CERAMIC TILE CARE & MAINTENANCE
Ceramics are inorganic, non-metallic materials that have been subjected to heat treatment. Material used is clay that contains a large amount of silicates. Tiles used in the home are set in a thin plaster-like substance called grout.
Tile may be purchased glazed or unglazed. If it has been glazed, it will be much easier to keep clean. Seal mortar between tiles. Vacuum regularly, and occasionally damp mop with plain water to remove soil. Occasionally for heavier soil use a mild detergent solution, rinse well, and wipe dry for more shine.
The best and easiest way to clean a ceramic tile floor is to scrub it with an electric floor washer or polisher-scrubber. The thorough cleaning action should brighten the tile and joints. Use a solution of ¼ cup low-sudsing detergent, or 1-2 tablespoons of either washing soda or tri-sodium phosphate or commercial floor cleaning powder in 1 gallon water. Rinse well.
When further treatment is needed, particularly for the grout, apply a solution of water and chlorine bleach (liquid or powdered). Let it stand for 20 minutes or so, mop the floor, rinse thoroughly and wipe dry. Then wax the floor for protection and easier care.
If the tiles have been sealed, there still may be a white or gray dust track over both that surface and into carpeted floor areas. The whitish dust will be from the grout used in the laying the floor. You may use muriatic acid to clean up floor surfaces. (Dilute the muriatic acid, 1 part acid to 10 parts water). If the floor is not flushed thoroughly with water after clean up, the muriatic acid will continue to leach lime from the grout causing the whitish dust. Most tile installers today use a commercial product that is easier to wash off, but also more expensive.
Glazed tile should be treated like porcelain enamel, because it is easy to scratch: Avoid using harsh abrasive powders which will scratch the finish. Occasional bleaching will clean grout. Aerosol bathroom cleaners are effective to clean tile; follow directions on container.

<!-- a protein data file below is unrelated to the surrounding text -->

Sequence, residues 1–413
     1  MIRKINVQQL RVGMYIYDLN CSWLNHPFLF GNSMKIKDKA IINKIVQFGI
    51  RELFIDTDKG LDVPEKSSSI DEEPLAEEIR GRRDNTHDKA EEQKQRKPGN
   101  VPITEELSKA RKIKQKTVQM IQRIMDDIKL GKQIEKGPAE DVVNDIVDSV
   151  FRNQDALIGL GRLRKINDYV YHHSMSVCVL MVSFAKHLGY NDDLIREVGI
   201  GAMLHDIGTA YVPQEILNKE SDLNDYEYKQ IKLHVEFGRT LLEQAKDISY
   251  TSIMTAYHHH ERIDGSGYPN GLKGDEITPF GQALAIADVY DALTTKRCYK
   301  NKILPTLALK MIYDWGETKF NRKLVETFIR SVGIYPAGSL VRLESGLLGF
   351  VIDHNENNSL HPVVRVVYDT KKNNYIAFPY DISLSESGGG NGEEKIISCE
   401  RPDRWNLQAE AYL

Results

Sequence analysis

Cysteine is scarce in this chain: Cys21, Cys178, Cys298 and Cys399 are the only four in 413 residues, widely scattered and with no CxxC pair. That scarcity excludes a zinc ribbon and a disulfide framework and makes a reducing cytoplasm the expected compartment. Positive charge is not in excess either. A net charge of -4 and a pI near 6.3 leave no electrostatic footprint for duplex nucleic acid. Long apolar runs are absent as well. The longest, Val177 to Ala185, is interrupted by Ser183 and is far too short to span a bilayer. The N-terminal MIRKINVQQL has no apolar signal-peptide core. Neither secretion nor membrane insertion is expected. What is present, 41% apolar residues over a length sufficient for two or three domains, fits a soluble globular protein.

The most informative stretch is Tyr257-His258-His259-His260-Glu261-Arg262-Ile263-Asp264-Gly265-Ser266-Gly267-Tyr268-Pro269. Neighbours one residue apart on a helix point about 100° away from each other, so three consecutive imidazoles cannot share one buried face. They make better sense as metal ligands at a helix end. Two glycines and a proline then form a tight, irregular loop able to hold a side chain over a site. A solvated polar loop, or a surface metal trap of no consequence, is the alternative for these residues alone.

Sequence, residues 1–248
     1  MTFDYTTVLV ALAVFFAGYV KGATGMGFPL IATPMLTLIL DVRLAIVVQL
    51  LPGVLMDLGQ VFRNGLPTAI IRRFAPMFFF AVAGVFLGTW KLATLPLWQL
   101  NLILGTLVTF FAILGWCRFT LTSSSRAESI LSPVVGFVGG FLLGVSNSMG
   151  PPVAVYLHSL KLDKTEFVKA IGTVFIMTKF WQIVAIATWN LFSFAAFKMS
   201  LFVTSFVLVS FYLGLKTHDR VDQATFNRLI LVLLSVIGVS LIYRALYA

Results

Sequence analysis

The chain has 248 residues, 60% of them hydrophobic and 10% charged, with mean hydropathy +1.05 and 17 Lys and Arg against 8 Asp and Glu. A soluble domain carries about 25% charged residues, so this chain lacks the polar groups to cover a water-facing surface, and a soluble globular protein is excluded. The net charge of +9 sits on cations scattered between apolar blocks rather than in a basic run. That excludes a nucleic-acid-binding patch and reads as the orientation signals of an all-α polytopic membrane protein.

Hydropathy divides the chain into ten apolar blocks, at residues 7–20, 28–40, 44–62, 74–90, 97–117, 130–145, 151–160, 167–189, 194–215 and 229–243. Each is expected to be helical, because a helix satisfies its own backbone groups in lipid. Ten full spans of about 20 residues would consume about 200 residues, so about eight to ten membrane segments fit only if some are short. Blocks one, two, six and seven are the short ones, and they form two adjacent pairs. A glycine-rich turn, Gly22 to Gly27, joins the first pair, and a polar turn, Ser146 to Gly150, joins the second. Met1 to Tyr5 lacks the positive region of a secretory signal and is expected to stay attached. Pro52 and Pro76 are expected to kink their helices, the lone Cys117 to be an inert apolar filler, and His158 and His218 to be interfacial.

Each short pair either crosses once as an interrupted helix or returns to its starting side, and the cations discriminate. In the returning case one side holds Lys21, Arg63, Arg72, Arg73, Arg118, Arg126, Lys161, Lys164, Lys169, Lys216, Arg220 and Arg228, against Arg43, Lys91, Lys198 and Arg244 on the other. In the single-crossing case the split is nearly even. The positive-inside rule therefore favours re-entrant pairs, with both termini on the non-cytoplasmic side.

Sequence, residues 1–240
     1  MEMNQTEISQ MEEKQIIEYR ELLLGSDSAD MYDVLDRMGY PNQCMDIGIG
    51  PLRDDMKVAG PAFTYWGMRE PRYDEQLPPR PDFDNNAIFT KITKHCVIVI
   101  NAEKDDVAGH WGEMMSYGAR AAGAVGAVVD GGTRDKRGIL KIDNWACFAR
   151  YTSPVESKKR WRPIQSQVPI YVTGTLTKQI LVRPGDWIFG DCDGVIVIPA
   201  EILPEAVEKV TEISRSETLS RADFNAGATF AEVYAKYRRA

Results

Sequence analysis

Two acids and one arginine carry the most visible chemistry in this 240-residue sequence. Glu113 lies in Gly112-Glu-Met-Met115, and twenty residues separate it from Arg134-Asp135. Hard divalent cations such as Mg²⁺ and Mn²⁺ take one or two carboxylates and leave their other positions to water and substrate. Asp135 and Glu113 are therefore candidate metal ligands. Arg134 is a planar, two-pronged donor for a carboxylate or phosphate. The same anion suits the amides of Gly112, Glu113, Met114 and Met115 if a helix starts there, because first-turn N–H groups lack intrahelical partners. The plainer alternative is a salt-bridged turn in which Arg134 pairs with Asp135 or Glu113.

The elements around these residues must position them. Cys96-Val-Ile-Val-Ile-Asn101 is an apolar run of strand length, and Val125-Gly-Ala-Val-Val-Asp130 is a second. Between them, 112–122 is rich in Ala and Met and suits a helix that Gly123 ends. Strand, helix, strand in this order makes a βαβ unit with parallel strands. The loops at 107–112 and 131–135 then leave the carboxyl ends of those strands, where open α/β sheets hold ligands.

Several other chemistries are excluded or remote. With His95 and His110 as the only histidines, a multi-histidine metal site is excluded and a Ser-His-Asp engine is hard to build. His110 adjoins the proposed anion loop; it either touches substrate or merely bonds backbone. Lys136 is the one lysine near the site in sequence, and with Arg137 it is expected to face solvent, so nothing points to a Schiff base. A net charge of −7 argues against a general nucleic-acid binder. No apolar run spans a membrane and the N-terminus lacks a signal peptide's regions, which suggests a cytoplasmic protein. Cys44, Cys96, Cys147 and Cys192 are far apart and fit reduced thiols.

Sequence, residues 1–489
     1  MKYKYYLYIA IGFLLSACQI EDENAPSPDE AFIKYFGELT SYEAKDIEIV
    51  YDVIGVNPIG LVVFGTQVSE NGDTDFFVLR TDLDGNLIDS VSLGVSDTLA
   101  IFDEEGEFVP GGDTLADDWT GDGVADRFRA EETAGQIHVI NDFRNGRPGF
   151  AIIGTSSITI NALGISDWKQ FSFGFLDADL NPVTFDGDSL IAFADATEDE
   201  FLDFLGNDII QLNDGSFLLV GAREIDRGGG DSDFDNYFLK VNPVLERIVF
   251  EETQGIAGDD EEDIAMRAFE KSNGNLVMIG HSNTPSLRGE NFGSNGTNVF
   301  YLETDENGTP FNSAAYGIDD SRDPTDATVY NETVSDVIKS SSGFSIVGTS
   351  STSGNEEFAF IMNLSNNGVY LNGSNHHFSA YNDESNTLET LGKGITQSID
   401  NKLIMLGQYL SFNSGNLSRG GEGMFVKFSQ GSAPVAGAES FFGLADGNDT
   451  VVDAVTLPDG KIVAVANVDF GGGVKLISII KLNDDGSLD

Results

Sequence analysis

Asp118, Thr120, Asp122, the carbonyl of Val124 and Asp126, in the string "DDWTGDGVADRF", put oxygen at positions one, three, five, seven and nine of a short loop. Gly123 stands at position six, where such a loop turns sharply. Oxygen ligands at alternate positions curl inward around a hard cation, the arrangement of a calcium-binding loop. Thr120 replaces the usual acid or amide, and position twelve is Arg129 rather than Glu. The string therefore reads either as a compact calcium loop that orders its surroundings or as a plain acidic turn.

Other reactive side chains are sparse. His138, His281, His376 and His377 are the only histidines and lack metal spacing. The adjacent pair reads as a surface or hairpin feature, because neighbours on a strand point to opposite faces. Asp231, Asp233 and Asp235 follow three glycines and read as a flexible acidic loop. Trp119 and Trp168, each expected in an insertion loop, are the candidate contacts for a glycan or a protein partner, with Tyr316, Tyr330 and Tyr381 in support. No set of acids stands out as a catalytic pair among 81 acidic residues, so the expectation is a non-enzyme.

To seal tile floors, place folded towels next to carpet areas adjoining tiled areas to absorb water. Using a scrub brush or large sponge and detergent, scrub the floor surface and rinse with clear water. Be sure any dirty wash water is completely removed from crevices. Allow floor to dry thoroughly.
From a store get a tile and grout sealer. It is a clear solution so it does not change the color of the tile or grout, but it will give some gloss to the surface. Paint the sealer on the dry tile or grout, being sure to cover all crevices and cracks. Let it dry and apply a second coat. Thereafter, apply one coat about every year to maintain the seal. The sealer prevents dust from grout being tracked around the house, and makes cleaning very easy with a damp mop. Some people prefer to use a wax over the sealer. Experiment with a sample tile or an inconspicuous corner as some waxes leave a streaky undesirable finish.
Dingy grout between tiles can be brightened by scrubbing with hot suds, then applying a diluted solution of chlorine bleach. Repeat procedure, keeping tile wet for 5 minutes.
Regular cleaning can be done with detergent and water, and rinsed; or commercial household cleaners or bathroom cleaners used according to label directions. Do not use scouring powders or other abrasives which can scratch the finish.
Special cleaning may be needed for ceramic tile in bathrooms if there is a buildup of soap scum, a rough white coating or mildew.
Remove soap scum by sponging a mixture of ½ cup of packaged water softener, plus tablespoons rotten stone plus 1 cup hot water; or use a solution of 1-2 tablespoons tri-sodium phosphate in 1 gallon hot water. Rinse.
Remove mildew by cleaning with dilute solution of chlorine beach in water, following label directions on bleach. Rinse. Or use a mildew retardant household spray.
The rough white coating is a buildup of mineral from hard water (like you get in a tea kettle). Dissolve it with a commercial tile cleaner and wipe off.
Occasionally a dark varnish-like stain may build up in a tile shower that has not been cleaned regularly. It is a build-up of body oils and soap scum and very hard to remove. Cover the spot with full-strength liquid laundry detergent and let stand for a couple of hours. Then sponge with water. If it still doesn’t come off, leave detergent on longer and scrub with a brush. Don’t use on porcelain enamel tubs or fiberglass or plastic surfaces as it may damage them.
Special thanks to doityourself.com
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